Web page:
State budget raises more questions than answers for DUSD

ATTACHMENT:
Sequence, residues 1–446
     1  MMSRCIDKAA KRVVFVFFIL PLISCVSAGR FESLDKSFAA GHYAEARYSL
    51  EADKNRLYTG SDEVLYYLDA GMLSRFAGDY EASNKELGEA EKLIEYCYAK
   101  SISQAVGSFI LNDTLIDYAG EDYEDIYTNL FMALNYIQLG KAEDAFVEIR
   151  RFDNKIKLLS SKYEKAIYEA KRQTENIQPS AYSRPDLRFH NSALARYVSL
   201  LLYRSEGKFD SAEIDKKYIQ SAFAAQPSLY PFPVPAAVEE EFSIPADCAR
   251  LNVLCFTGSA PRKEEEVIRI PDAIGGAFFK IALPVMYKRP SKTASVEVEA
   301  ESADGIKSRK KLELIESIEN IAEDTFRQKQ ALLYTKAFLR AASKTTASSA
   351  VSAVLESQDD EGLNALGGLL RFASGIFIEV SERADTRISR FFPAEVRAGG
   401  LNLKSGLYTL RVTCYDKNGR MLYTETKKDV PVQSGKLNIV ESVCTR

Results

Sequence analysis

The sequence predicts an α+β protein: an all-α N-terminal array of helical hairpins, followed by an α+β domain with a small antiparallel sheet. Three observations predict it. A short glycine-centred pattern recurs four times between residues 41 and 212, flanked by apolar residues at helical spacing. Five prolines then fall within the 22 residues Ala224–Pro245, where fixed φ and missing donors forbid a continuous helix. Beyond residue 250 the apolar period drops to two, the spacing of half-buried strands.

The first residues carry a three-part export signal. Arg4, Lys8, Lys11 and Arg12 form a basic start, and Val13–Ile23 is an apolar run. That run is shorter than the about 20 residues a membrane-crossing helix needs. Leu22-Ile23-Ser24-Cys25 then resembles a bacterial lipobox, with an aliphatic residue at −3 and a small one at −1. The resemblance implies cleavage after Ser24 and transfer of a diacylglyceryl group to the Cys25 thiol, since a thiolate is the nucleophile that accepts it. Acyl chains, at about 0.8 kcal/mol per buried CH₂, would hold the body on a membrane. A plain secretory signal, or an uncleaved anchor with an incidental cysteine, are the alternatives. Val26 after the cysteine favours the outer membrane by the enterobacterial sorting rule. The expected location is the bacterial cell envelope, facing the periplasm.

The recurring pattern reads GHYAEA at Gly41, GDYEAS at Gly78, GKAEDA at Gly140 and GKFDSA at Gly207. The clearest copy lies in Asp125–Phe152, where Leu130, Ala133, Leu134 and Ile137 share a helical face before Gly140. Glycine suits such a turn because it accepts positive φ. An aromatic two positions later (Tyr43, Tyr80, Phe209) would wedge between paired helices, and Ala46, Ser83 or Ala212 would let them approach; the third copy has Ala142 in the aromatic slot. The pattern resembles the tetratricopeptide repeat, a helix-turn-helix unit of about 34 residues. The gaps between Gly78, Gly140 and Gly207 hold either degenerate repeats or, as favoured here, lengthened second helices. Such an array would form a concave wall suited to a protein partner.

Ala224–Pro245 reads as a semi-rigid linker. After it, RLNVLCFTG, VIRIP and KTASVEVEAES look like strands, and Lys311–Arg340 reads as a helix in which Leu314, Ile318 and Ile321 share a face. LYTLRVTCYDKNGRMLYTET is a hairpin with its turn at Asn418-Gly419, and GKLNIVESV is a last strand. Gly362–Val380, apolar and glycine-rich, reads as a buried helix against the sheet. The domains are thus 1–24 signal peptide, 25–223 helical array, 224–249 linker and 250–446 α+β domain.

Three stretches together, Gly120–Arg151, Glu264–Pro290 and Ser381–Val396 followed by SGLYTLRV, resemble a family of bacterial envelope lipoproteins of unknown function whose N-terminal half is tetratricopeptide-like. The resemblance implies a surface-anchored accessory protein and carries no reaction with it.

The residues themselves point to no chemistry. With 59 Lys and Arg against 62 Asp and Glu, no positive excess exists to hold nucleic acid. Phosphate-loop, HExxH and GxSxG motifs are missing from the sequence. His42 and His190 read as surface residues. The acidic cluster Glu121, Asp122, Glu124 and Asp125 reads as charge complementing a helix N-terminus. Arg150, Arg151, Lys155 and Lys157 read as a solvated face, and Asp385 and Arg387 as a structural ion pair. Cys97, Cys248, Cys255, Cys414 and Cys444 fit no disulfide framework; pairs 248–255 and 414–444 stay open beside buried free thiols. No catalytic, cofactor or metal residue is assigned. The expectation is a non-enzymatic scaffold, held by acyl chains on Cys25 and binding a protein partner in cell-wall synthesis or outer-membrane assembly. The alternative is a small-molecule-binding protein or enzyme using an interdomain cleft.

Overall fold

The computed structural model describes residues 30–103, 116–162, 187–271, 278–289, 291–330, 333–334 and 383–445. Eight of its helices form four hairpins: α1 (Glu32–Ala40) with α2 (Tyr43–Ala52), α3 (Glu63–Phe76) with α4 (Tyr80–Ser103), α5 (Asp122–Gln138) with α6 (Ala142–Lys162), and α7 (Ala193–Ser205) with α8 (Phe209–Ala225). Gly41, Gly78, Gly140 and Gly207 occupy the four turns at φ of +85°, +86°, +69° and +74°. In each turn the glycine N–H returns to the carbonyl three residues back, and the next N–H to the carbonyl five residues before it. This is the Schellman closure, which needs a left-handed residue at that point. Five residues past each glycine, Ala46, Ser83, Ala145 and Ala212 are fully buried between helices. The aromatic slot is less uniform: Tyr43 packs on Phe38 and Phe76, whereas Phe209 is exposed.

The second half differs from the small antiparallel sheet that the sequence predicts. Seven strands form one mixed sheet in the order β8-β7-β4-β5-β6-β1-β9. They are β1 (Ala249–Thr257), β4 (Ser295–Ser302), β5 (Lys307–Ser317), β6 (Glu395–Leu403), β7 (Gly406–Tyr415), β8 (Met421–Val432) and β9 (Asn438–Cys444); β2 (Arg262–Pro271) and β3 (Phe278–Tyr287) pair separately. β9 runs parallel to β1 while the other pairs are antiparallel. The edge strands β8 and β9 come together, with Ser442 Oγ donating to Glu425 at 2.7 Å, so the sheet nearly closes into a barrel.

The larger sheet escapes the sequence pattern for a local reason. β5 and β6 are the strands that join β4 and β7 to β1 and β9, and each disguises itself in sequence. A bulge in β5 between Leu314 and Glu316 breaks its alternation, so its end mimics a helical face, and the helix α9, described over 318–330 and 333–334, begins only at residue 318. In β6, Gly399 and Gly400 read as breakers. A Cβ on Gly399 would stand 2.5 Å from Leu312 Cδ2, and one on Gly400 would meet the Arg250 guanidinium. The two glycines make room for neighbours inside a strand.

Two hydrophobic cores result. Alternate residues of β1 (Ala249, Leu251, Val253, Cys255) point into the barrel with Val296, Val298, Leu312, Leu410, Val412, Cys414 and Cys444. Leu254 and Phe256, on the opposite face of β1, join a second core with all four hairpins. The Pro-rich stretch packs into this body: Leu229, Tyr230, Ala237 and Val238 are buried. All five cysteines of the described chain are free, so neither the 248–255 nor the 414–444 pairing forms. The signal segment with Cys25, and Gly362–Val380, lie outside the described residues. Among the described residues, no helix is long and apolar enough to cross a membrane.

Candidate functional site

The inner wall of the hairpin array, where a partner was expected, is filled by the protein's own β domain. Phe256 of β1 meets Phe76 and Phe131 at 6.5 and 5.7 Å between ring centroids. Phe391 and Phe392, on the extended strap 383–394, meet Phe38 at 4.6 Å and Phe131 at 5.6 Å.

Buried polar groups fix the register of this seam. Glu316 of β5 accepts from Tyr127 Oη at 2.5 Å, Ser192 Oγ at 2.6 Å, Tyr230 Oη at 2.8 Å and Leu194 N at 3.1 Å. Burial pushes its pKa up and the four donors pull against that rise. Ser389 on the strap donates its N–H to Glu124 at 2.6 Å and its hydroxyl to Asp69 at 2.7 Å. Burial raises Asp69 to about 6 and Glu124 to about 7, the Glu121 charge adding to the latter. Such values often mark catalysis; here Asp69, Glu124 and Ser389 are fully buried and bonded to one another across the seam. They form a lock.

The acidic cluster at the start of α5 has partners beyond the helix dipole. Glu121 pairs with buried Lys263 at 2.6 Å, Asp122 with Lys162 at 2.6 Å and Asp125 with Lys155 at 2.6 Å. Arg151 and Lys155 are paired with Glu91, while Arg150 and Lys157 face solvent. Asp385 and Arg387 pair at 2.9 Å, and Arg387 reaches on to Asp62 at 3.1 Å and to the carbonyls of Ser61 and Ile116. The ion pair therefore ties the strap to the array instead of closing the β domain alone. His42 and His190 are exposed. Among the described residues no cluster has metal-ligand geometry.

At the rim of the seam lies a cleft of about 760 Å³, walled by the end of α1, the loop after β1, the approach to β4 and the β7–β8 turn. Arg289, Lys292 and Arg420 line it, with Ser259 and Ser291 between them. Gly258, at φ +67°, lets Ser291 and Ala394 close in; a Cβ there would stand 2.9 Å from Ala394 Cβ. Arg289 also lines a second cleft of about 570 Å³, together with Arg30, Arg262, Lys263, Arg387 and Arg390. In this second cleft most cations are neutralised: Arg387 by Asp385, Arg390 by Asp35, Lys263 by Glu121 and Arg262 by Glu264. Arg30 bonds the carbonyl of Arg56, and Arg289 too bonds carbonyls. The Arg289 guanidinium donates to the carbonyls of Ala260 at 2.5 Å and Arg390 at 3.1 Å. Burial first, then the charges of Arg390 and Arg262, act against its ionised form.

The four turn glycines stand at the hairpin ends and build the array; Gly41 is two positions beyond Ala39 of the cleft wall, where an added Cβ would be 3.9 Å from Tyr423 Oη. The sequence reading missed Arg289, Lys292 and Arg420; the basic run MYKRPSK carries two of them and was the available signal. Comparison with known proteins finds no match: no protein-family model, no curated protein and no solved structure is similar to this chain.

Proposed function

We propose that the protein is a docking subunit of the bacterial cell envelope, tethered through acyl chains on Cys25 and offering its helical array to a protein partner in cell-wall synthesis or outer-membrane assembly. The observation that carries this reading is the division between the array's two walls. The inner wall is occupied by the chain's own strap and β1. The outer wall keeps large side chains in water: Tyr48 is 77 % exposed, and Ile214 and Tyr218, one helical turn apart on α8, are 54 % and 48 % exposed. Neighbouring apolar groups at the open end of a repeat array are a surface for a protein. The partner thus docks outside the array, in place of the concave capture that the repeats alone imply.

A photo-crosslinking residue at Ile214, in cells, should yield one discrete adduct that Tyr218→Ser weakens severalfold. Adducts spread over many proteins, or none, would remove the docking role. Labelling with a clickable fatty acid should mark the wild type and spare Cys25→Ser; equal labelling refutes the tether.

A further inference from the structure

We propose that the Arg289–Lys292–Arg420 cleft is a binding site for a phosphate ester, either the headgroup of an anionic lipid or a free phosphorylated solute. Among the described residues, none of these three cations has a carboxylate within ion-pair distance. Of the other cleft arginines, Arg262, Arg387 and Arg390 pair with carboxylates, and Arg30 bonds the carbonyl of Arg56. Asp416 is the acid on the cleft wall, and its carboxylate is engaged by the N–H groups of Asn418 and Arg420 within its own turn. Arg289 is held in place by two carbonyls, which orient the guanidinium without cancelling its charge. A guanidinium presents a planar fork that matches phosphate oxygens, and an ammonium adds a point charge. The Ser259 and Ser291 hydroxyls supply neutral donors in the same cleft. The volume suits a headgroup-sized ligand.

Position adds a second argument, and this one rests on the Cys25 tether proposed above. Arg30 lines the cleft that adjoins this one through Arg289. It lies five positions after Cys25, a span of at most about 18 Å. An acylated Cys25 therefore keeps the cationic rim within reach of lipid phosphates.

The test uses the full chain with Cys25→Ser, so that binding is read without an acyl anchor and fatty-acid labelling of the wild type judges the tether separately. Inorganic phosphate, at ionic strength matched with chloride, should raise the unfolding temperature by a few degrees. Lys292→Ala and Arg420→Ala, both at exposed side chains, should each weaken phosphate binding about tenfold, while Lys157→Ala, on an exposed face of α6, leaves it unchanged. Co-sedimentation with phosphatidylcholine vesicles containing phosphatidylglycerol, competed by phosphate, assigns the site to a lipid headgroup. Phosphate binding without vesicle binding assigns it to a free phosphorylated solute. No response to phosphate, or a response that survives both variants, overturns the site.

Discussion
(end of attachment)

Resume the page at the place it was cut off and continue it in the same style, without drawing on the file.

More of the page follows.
As everybody knows or should know, the albatross on the much-delayed compromise state budget which finally passed last month is a $41.6 billion shortfall which, among other things, impacts the budgets/operations of school districts highly dependent on the state for its funding such as Downey Unified (DUSD).For a long time, DUSD had been on tenterhooks about the outcome of the excruciatingly frustrating state budget process which in any case has been historically, deplorably erratic anyway. When it was finally resolved, it came of course at a price. Still, a collective sigh of relief could be heard loud and clear across the state. But at bottom it comes as hardly reassuring to school administrators and budget watchdogs. Consider the state's indicated course(s) of action to address the shortfall: 1) Borrowing $5.4 billion from 'securitized' state lottery receipts (via private investment funds); 2) revenue increases ($12.5 billion), through a personal tax increase of 0.25 of a percentage point, a sales tax increase of one percentage point, an almost doubling of the vehicle tax to 1.15 percent, and a reduction by $210 of the dependent tax credit ; 3) expenditure cuts of $14.9 billion (according to a funding reduction formula under Prop. 98) to the K-14 program; and 4) anticipated federal stimulus funds amounting to about $7.9 billion. As structured, the borrowing aspect especially hinges on a lot of if's. For instance, as asst. superintendent/business services Kevin Condon pointed out, the desired propositions must first be approved by the voters, after which investors must be found willing to finance them. "This is a tall order right there," he said. Thus, if the five propositions, especially the linked Props. 1-A (state's rainy day fund) and I-B (restore mental health/etc. funding), as well as I-C (borrowing from state lottery receipts) were to fail on the special May 19 ballot, the whole budget will fall terribly out of whack yet again, making another restructuring a foregone conclusion. In any case, the prognosis is that, because of the worsening economy, the state may further be bedeviled by an additional gap of $8 billion. The state will address this situation in its May budget revise, after tax receipts will have been tabulated. Anyway, because the district has been frugal and operated on a lean budget these past few years, said Condon, the district has been able to maintain at least a 5 percent reserve (the state mandates 3 percent). "Out of about 300 school districts in the state, DUSD ranks 5th or 6th in lowest administrative expense," he said. Yet, unavoidably, because per pupil revenue base has decreased from $5,800 in '07-'08 to an adjusted $5,580 for '08-'09, the district has had to draw down on its reserves to meet fiscal demands. Further savings have been realized from cutting some support services, as well as a freeze on purchases of equipment, such as trucks, lawn mowers, forklifts, etc., not to mention previous classified staff cuts. Additional cuts apply also to travel, conference/convention attendance, school supplies, and miscellaneous items on departmental budgets. The solid positives for the district, in the meantime, include: 1) no pink slips have been issued (i.e., "We have avoided permanent teacher layoffs"), which cannot be said of other districts; 2) Student enrollment in general has leveled off, instead of declining; and 3) the district was afforded more local control/flexibility regarding certain of its categorical programs (school and library improvements, arts and music, professional development block grants, GATE/Gifted and Talented Education), and teacher credentialing programs can be shifted around. At any rate, the next district budget study session is scheduled for the last week of April, when ideas and suggestions will be solicited from all concerned parties, including members of the community, before a practicable and realistic district budget is prepared. "We're really looking at a three-year budget adjustment process here," Condon said. "I call it our long-range stabilization plan." ********** Published: March 20, 2009 - Volume 7 - Issue 48